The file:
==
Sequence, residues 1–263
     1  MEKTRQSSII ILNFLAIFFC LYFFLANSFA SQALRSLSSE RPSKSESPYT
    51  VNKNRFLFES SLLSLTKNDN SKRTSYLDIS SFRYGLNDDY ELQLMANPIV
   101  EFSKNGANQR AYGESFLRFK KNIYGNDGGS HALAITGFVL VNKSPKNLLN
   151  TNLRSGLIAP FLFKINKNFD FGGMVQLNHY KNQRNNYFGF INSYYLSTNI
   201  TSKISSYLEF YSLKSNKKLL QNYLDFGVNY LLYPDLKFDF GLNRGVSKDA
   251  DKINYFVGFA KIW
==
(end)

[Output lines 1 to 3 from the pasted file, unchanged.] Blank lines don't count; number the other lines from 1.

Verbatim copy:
Sequence, residues 1–263
     1  MEKTRQSSII ILNFLAIFFC LYFFLANSFA SQALRSLSSE RPSKSESPYT
    51  VNKNRFLFES SLLSLTKNDN SKRTSYLDIS SFRYGLNDDY ELQLMANPIV